Battle of the Beretta: Wilson Combat vs. Langdon Tactical Technology

two wilson combat berettas and a langdon tactical beretta

The Beretta 92 needs little in the way of introduction. It has been in the hands and holsters of soldiers, civilians, and law enforcement officers for decades. The pistol isn’t just legend, it’s pure performance. Though the standard Beretta 92 offers the most bang for your buck, upgraded models from Wilson Combat and Langdon Tactical Technology provide shooters looking for that extra edge with some additional refinements.

Background on the 92

I’m sure most readers are already familiar with the background and history of the Beretta 92, so I will not bore you with the details. However, it is worth noting for those that may not know, that the Beretta 92 performed well — when used with proper factory magazines — in U.S. Military service as the M9. This success led to increased popularity among civilian shooters and law enforcement agencies, propelling the pistol into stardom.

Wilson Combat and LTT Beretta 92 pistols
Both upgraded Berettas showed excellent service.

WC 92G Features

Both pistols I purchased and are part of my “permanent” collection. I started with the Wilson Combat Beretta because of an already established affinity to both the Beretta 92 and Wilson Combat 1911s.

The WC 92G features the beefier Brigadier slide paired with a full-size railed frame that sports a custom rounded trigger guard. Wilson Combat special orders these 92G pistols to be manufactured with the tightest tolerances possible to produce the best accuracy. A front night sight and blacked-out rear make for an excellent sight picture, especially for combat accuracy. The Wilson Combat G10 grips are as attractive as they are effective, and combined with the improved checkering on the front and backstraps allow for incredibly fast follow-up shots and good control of the pistol.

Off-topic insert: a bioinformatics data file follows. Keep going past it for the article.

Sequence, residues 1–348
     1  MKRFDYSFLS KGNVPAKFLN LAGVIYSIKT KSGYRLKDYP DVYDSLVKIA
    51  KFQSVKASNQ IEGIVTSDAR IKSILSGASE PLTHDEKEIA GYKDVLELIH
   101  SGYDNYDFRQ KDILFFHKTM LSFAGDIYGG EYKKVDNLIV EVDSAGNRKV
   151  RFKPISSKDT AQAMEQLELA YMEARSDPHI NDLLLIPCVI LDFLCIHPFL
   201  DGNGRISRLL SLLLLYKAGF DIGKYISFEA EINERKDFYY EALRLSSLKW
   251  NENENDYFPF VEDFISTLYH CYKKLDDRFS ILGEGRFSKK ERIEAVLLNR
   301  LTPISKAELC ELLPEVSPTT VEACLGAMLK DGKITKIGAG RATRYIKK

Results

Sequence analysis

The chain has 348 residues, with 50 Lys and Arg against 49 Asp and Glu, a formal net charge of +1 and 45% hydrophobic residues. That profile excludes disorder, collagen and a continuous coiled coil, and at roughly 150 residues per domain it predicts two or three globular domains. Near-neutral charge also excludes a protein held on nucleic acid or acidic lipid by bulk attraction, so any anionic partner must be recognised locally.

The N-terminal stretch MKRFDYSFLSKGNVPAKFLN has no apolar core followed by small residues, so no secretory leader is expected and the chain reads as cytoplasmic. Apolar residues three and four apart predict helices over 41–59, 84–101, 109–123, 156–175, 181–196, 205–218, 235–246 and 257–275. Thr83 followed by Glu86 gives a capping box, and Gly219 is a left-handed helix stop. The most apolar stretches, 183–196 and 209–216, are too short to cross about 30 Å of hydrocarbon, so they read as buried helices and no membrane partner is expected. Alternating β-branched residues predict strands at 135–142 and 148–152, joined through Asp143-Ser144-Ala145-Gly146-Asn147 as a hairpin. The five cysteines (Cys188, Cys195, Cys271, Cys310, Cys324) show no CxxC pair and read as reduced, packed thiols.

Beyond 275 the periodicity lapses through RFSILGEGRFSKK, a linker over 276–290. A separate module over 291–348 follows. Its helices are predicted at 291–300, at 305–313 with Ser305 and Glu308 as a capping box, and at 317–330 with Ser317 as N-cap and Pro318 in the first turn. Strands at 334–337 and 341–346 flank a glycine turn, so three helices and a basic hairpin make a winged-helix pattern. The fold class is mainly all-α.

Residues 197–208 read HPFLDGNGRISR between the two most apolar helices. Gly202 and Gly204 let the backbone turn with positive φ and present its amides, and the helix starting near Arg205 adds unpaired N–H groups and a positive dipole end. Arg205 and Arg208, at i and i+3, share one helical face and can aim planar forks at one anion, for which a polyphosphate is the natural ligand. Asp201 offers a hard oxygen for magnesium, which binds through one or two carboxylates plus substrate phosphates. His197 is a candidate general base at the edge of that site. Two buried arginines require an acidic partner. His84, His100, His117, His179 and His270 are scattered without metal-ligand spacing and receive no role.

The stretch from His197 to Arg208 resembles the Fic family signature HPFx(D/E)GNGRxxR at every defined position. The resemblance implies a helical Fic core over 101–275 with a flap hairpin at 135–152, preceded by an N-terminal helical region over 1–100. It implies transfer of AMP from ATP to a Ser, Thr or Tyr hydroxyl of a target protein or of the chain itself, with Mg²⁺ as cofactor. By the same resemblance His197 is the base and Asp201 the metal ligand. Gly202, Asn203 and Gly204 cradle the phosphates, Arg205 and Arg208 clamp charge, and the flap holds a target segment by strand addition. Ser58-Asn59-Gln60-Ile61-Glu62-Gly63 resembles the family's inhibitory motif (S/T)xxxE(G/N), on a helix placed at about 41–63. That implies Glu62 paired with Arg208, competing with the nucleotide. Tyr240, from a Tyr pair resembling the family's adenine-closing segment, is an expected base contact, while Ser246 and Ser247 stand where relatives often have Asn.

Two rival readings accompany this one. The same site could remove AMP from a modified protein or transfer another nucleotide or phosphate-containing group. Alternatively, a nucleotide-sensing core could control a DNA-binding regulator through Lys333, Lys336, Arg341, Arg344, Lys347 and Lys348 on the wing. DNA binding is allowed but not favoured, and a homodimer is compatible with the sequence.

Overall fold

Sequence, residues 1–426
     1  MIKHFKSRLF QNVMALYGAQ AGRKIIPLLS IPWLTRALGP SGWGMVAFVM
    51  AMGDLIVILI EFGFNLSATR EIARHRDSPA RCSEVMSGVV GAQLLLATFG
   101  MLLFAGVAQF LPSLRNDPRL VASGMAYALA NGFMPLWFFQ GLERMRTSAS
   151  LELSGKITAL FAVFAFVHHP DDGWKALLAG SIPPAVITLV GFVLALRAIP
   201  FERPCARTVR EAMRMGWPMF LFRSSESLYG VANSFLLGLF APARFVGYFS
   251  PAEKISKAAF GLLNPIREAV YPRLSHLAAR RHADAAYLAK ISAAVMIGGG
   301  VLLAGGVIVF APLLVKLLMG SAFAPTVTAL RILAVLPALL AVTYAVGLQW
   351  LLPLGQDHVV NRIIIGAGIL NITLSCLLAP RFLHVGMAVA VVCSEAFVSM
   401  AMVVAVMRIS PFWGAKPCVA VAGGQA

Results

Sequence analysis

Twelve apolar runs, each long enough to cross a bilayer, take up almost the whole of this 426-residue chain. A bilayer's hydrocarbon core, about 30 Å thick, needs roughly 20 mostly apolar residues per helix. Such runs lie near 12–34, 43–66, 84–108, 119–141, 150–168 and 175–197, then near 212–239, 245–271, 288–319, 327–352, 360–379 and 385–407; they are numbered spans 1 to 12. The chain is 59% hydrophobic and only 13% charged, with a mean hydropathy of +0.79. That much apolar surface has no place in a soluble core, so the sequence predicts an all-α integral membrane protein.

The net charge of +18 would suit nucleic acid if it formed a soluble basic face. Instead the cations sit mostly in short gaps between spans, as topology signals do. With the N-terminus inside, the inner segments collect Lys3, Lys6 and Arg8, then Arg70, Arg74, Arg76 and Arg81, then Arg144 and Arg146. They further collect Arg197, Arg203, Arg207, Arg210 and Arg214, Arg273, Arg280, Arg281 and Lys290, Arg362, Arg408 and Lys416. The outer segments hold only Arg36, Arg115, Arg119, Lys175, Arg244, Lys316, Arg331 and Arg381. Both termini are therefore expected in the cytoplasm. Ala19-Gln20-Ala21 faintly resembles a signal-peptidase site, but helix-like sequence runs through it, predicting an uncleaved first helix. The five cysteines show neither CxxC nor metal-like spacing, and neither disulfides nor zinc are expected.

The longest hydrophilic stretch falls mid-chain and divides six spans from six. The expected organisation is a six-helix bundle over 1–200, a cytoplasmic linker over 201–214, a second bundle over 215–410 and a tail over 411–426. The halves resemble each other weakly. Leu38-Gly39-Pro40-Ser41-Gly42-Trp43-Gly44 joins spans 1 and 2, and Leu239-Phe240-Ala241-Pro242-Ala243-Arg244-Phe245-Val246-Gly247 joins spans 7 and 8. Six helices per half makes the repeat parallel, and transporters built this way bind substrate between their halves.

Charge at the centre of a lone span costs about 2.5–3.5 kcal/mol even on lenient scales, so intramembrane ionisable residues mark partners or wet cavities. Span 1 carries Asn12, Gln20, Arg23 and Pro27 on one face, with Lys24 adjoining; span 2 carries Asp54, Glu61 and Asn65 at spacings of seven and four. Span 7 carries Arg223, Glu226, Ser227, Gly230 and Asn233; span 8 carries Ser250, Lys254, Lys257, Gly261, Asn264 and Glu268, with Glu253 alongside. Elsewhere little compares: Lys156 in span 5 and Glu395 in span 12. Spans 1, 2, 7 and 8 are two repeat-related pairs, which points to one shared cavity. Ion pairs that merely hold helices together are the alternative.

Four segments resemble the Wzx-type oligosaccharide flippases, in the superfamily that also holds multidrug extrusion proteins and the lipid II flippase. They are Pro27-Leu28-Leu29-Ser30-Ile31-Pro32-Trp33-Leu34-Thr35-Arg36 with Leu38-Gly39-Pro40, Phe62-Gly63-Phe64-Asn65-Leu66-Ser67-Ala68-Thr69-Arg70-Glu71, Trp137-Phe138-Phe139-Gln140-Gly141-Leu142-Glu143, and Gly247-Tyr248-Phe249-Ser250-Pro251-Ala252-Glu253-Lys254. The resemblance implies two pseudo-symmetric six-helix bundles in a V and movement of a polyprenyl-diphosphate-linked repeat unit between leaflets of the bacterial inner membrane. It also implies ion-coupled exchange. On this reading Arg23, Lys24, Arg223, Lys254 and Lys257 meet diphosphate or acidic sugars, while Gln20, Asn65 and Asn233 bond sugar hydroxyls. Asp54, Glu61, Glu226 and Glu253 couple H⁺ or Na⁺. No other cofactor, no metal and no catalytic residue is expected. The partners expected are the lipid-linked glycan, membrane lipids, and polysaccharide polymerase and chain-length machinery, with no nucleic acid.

Rounding off the list of features, a crowned barrel, all-steel parts, ambidextrous decocker, and undercut trigger guard for your support are welcome sights for the discerning shooter. Additionally, Wilson Combat offers a few different size variations of the 92G and the option to add a trigger job.

Underside of two beretta 92 pistols
The Wilson Combat Beretta (bottom) features a rounded trigger guard and an undercut for your support hand.

LTT 92G Features

The Langdon Tactical Beretta incorporates attractive and functional front slide serrations for racking the slide or doing press-checks. A fiber-optic front sight allows for better accuracy at longer distances where the larger night sight on the Wilson Combat obscures the target. The most noticeable upgrade to the LTT 92G is the stainless (Inox) accents. Whether you get the standard version that’s a bit more subtle or the PVD version that’s much flashier, the black and silver detailing looks incredible.

Again, G10 grips and improved checkering provide excellent traction during rapid fire or in slippery conditions. Additionally, like on the Wilson Combat pistol, a crowned barrel, all-steel parts, ambi decocker, and accessory rail are included with the LTT 92G and there are options for different sizes, a trigger job, and a red dot optic cut.

Beretta 92 pistol barrel crowns
Both pistols feature a crowned barrel for improved accuracy.

Range Head to Head

If you’re looking for the upper hand in accuracy, reliability, and handling between the two, you’ll likely be disappointed. Both pistols were 100% reliable and absolute tack drivers. The thinner fiber-optic front sight on the LTT was a bit more suited to accuracy at distance, but that can be swapped out on the Wilson Combat.

At the range, I fired around 200 rounds of ammo from each handgun and never heard a click! when I should have heard a bang! This isn’t inconclusive evidence, but it is a trend. On average, 5-shot groups at 12 yards were the size of my palm, tightening up a bit with slow, deliberate fire. Recoil was minimal and anyone who can handle a centerfire caliber should be able to properly control this full-size pistol.

If you really want to turn some heads at the range and enjoy a flashier style, you’re probably already eyeing the Langdon Tactical pistol. However, don’t dismiss the more classic styling of the Wilson Combat.

Two beretta pistol front sight options
The fiber-optic front sight on the LTT (left) was more conducive to accuracy at longer ranges.

Personal Choices

In the end, deciding between the two pistols will depend on personal preference. I tend to lean toward the Wilson Combat, but LTT offers a distinct style that cannot be ignored. If the pistol is for carry, the Brigadier slide on the Wilson Combat may be more of a hindrance than an asset, for home defense that’s not an issue.